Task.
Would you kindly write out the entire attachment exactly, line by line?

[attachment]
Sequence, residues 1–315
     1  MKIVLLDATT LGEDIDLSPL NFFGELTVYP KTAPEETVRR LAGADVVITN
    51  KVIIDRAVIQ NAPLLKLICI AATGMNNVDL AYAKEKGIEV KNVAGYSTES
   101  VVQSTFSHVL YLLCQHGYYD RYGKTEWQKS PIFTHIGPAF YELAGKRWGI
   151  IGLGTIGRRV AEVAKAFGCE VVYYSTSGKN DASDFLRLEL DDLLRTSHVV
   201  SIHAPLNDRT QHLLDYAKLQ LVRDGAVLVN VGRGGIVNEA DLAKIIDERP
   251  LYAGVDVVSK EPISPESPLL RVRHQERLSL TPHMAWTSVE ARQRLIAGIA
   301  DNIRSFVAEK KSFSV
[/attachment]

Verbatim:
Sequence, residues 1–315
     1  MKIVLLDATT LGEDIDLSPL NFFGELTVYP KTAPEETVRR LAGADVVITN
    51  KVIIDRAVIQ NAPLLKLICI AATGMNNVDL AYAKEKGIEV KNVAGYSTES
   101  VVQSTFSHVL YLLCQHGYYD RYGKTEWQKS PIFTHIGPAF YELAGKRWGI
   151  IGLGTIGRRV AEVAKAFGCE VVYYSTSGKN DASDFLRLEL DDLLRTSHVV
   201  SIHAPLNDRT QHLLDYAKLQ LVRDGAVLVN VGRGGIVNEA DLAKIIDERP
   251  LYAGVDVVSK EPISPESPLL RVRHQERLSL TPHMAWTSVE ARQRLIAGIA
   301  DNIRSFVAEK KSFSV